In the GST bill, the constitutional amendment has been proposed to empower the Centre and States simultaneously to levy and collect indirect taxes on the entire chain from the stage of manufacture till the sale to ultimate consumer of goods/services. Thus, after implementation of GST:-

  • In the GST bill, dual GST has been proposed. Therefore, both Centre and states will be able to levy and collect GST simultaneously on the same set of transaction from the stage of manufacture till consumption.
  • The taxable event will no longer be manufacture or sale of goods; rather it will be supply of goods/ services against a consideration.
  • States will also receive revenue from transactions related to provision of services. Presently, states are not empowered to collect any amount in respect of provision of services.
  • Centre will also receive revenue from supply of goods post manufacture. Presently, Centre is not empowered to collect any tax on any post manufacture activity.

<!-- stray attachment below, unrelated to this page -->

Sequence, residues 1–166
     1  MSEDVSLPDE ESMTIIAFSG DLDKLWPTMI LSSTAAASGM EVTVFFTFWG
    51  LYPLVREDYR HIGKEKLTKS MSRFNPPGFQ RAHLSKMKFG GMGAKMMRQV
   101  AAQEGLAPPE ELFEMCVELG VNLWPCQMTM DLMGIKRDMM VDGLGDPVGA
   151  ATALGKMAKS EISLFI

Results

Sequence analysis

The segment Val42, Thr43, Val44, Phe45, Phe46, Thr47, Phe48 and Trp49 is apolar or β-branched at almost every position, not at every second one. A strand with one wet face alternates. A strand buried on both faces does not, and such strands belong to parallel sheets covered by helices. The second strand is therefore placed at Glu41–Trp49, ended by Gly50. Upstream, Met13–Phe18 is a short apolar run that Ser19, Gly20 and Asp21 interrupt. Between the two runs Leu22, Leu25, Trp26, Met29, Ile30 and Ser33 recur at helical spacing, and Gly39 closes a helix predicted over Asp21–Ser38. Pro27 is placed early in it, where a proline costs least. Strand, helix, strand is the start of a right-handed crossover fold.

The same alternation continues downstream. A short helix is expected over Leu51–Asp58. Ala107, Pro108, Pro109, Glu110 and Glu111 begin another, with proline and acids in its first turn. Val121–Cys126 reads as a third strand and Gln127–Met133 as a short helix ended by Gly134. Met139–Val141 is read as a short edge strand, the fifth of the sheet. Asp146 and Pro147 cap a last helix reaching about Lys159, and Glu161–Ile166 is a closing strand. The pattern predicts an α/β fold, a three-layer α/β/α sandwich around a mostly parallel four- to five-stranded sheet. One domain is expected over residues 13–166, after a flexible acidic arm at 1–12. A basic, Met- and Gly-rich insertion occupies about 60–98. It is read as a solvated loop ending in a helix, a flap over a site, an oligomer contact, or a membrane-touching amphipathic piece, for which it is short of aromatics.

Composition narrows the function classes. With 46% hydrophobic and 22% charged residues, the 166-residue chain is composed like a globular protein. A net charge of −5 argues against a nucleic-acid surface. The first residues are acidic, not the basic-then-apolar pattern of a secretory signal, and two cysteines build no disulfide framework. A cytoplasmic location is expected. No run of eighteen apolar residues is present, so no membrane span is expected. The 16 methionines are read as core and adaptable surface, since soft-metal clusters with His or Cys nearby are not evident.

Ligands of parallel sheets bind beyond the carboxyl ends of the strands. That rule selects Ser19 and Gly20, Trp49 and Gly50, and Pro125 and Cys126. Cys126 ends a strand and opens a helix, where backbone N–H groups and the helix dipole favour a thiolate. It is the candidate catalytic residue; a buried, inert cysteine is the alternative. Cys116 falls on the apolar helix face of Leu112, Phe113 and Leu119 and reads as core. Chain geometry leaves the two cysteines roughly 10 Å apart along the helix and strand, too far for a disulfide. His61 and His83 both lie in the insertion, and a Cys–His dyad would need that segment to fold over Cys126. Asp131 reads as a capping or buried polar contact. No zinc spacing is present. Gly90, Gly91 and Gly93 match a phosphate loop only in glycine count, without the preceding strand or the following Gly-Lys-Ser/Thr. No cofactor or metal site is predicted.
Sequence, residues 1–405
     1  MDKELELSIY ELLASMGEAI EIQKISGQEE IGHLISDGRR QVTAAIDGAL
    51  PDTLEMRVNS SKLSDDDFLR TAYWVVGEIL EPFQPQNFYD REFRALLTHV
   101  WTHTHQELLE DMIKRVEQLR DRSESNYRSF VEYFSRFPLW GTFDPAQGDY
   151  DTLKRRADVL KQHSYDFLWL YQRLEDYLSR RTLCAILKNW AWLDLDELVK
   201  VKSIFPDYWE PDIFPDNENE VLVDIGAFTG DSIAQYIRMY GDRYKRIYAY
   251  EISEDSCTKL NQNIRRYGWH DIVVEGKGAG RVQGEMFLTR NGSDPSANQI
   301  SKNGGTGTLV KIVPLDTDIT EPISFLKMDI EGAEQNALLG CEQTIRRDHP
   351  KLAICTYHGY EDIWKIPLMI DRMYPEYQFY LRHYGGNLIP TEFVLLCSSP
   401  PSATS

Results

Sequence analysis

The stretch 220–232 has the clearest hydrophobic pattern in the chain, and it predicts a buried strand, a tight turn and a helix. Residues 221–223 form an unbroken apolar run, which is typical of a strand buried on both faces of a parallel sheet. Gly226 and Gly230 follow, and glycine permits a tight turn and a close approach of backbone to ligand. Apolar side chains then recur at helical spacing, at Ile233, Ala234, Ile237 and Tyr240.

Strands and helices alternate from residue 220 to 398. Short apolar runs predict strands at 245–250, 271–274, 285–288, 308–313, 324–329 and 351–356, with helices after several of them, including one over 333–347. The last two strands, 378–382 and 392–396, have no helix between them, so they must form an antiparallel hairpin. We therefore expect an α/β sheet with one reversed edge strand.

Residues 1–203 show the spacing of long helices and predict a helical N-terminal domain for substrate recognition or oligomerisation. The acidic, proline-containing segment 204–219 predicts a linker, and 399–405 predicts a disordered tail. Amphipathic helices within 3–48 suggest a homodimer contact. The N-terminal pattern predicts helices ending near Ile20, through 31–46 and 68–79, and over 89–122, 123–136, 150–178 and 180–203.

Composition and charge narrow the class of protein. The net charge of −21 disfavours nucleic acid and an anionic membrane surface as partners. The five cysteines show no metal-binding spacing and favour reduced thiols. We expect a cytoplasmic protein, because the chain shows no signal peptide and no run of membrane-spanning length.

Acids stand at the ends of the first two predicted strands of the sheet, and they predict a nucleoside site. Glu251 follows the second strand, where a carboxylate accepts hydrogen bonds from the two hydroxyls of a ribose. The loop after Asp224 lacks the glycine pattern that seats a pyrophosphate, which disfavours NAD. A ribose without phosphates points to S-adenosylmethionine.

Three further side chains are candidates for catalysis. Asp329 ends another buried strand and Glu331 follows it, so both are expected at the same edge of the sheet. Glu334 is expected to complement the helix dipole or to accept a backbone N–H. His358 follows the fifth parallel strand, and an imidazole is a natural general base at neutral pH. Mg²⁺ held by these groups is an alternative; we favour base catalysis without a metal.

• Taxes levied by local bodies like Purchase tax, entertainment tax, octroi, luxury tax, etc. will not be subsumed in GST, thus, these will continue to be collected by local bodies working under direct control of respective States.
  • GST on petroleum crude and products will be levied on some future date as decided by GST Council. Till then, VAT will continue to be levied by States on sale of petroleum and products.
  • 1% additional levy proposed in the GST bill will be collected by the Centre and will be distributed in the State in which the supply originates.

FEAR OF STATES:-